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Commissioner visits school kids

by Linda Hiller

Sometimes even little voices can be heard.

Especially if there are 41 little voices writing letters to the county manager and county commissioners about a bike path to their school.

Tuesday morning, Douglas County Commissioner Kelly Kite traveled to Jacks Valley Elementary School to respond to the letter-writers, 4th grade students from the classes of teachers Stacey Chambers and Mark Paloolian.

“I was very impressed with your letters,” Kite told the students assembled in the school’s library. “And the reason I came here today is to tell you that we are working on a bike path from your school to the intersection of Highway 395 and Jacks Valley Road, where Target is now. I also came to tell you that when you write letters, even if you’re only in the 4th grade, you can make a difference. What you did was exactly the right thing.”

– What got them started. The letter-writing began last fall, Chambers said, precipitated by the Oct. 10 opening of Target at Jacks Valley Road and Highway 395. Neighborhood children, many of them students at JVES, wanted to walk to the discount department store with a popular snack bar, but found it a dangerous adventure with no sidewalk or bike path up Jacks Valley Road, approximately one mile due east from the school.

Chambers said JVES principal Pam Gilmartin had sent a letter to teachers last fall stating the possibility of a bike path going in, and encouraged some input.

“At that time, we were doing a unit on writing friendly letters, so we decided to have the kids write to commissioners about the bike path,” Chambers said.

Currently, there is a bike lane from Genoa to JVES. The extension to Highway 395 – the bike path being requested by the stidents – could be in as early as next summer, Kite said.

“But I can’t guarantee that,” he said. “At least you should know that we’re working on it.”

– A sampling of the letters. “Dear Mr. Holler,” wrote Carrie Linn in December. “I would like to ride my bike to school because I really like riding my bike….If we had a wide bike path down Jacks Valley Road, the buses wouldn’t be so crowded.”

“Dear Mr. Holler,” wrote Shiloh Webb. “I would like to ride my bike to school because I would like to enjoy the cenry. If we had a wide bike path down Jacks Valley Road, it would be safe, fun and enjoyable.”

“Dear Mr. Kite,” wrote Krista. “I would like a bike path because my mom would know I’m safe. It would also be more exercise and it would be verry fun and enjoyable.”

“Dear Mr. Kite,” wrote Kris. “I would like to ride my bike to school because I have 2 bikes and I have noware to ride them.”

“Dear Mr. Bob Nunes,” wrote Jonathan Hays. “I would really appreciate it if you would make a bike trail on Jacks Valley Road. That is because it is alot safer. Another reason is because sometimes I have to go on the road and it holds up the traffic.”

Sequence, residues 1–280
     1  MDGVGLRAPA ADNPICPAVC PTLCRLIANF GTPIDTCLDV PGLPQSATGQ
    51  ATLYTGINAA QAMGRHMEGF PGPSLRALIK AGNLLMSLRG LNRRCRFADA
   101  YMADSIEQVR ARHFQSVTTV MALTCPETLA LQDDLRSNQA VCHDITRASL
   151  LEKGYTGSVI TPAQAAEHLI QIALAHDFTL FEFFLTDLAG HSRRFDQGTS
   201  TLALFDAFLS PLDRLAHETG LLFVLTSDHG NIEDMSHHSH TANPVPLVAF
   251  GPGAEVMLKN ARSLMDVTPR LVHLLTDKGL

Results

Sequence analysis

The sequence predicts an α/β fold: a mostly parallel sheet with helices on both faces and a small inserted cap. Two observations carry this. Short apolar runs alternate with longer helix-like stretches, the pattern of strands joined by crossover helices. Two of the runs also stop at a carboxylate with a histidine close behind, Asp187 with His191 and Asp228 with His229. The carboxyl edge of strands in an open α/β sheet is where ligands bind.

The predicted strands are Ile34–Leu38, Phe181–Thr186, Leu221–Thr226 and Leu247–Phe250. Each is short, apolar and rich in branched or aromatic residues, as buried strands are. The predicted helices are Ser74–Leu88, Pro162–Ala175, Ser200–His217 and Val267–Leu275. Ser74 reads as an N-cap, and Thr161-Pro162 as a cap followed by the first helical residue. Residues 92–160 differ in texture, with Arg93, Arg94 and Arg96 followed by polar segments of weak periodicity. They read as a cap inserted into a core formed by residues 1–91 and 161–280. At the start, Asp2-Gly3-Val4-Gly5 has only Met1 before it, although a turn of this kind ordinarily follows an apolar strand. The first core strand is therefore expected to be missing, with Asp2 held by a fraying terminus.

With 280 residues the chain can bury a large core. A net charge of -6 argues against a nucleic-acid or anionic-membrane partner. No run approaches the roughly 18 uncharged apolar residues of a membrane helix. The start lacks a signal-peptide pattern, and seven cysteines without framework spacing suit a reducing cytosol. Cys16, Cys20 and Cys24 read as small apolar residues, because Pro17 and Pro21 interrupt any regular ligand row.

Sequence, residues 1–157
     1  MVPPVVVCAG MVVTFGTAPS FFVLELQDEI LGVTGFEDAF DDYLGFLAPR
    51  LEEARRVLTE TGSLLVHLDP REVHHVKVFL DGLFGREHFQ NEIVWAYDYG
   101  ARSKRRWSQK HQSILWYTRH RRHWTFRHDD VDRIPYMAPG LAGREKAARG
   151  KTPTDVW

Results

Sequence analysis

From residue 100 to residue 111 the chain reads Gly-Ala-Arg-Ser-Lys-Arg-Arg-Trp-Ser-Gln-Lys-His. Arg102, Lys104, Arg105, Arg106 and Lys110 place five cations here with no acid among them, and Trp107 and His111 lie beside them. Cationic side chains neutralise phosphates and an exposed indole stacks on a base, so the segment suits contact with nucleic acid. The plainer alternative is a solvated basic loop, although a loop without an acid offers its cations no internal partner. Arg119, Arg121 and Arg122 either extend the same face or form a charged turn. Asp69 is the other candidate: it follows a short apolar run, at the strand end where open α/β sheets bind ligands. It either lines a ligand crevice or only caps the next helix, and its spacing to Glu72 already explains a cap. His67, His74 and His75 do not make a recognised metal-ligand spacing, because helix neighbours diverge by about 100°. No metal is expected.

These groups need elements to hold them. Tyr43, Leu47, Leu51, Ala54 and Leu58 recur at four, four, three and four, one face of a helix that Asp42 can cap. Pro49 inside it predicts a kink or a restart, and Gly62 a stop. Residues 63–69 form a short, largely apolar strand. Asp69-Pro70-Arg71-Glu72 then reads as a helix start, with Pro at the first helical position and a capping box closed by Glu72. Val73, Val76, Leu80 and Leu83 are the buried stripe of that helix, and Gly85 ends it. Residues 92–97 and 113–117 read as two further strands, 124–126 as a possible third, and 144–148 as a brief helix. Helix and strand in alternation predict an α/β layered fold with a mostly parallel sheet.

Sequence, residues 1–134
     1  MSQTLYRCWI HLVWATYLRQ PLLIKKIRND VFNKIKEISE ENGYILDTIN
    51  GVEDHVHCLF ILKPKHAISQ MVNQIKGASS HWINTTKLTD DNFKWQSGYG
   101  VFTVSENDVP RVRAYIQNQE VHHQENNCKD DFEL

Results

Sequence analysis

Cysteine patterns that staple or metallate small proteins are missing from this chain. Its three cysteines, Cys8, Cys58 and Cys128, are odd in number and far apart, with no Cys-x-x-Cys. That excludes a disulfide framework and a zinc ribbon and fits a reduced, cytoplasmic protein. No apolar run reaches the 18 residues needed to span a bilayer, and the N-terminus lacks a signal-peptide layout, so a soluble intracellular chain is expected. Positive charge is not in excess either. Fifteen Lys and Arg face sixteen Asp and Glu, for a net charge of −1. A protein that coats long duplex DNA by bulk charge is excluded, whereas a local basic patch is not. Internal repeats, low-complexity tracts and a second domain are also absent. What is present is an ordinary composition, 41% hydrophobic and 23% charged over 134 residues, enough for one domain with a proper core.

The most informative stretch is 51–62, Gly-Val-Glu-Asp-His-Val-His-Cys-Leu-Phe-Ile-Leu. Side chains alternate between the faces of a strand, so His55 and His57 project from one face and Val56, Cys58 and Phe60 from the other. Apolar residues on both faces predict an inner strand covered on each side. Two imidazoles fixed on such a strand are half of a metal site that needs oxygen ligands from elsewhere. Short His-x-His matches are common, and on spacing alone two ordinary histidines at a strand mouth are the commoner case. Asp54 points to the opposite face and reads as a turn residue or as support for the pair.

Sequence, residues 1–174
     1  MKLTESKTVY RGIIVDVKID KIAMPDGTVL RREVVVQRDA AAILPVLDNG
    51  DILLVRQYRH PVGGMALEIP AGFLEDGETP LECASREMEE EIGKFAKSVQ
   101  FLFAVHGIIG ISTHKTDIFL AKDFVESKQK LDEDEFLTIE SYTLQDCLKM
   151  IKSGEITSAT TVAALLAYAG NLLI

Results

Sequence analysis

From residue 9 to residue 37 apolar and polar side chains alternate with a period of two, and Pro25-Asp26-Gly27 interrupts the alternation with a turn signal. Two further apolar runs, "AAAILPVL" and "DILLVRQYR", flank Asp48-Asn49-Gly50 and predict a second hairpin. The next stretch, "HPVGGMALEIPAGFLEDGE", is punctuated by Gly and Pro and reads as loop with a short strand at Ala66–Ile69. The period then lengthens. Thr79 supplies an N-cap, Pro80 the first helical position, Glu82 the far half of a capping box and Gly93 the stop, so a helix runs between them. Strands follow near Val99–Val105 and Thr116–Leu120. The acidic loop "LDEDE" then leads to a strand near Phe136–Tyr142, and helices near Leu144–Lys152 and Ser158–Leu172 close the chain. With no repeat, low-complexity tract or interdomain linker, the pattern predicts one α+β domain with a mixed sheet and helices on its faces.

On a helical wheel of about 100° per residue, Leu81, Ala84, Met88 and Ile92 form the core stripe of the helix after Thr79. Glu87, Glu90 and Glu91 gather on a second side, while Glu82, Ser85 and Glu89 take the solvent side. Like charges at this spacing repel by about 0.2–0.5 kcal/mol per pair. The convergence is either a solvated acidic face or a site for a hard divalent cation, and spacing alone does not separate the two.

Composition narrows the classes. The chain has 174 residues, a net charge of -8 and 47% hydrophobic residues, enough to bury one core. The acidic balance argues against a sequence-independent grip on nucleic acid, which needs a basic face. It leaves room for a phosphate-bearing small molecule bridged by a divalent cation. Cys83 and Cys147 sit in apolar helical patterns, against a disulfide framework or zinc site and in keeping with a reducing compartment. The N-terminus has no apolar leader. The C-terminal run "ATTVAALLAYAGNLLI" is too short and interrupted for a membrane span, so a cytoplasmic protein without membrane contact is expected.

“Dear Mr. Kelly Kite,” wrote Patrick Thielen. “I think you should make a bike trail from Jacks Valley School to Target because when cars are coming we have no choice but to get off the rode. When we do that we might get hurt or pop our bike tires. I love animals. I love riding my bike.”

“Dear Mr. Dan Holler,” wrote Ashley. “I think you should have a rode because I ride my bike and it’s unsafe for me becaus I would be hit by a car. I think I could fall over and hit my head on a rock. I like to see the senery.”

– It’s slow going. Kite told students that one of the frustrations of politics is the way things move at a slow pace, even something as important as a bike path to improve the safety of children.

“To do a bike path properly, it’s going to cost around $500,000,” he said. “That’s a half a million dollars. We have to buy some of the land, called an easement, to make room for the path. Your parent group, PIE, has collected some money, and we hope to get some grant money and match it with county funds.”

Kite’s message to the students of Mr. Paloolian and Ms. Chambers – one of writing letters and speaking out when you want change – was heard by the students and emphasized by their teachers.

“I was so surprised to get the call from Mr. Kite saying that he would come and talk to us,” Chambers said. “It’s a great message for the kids.”

– Make a difference. Kite told the children that the reason he got involved in politics was because he, too, wanted to make a difference.

“I wanted to do things, and being a taxpayer and a strong proponent of property rights, I had people tell me I should get involved,” he said. “And that’s one of the reasons I wanted to come here today and see you. I wanted you to know how important it is to have public participation. If you want a bike path, a pool, or anything, the best thing to do is write letters.”

Students asked questions of Kite, including what his “real” job is (insurance salesman), how much he makes as a commissioner ($18,000), is the job hard (yes), are there windows in his office (no) and will he run for president (no). They also had specific questions about the bike path.

“Will there be cones on the path?” one student asked.

“No cones,” Kite said.

“Are you guys gonna use that black stuff that’s on the playground?” asked Wes Haskell. “You know, that sticky stuff?”

“The tar?” asked another student.

“No, we’ll use the good stuff,” Kite said.

Chambers said the success of this letter-writing endeavor may lead to newer, bigger dreams for students of JVES.

“Maybe we’ll ask for a Disneyland in Douglas County,” she said to big smiles from the students.

“Hey, I’ll write a letter, too,” Kite said. “I love Disneyland.”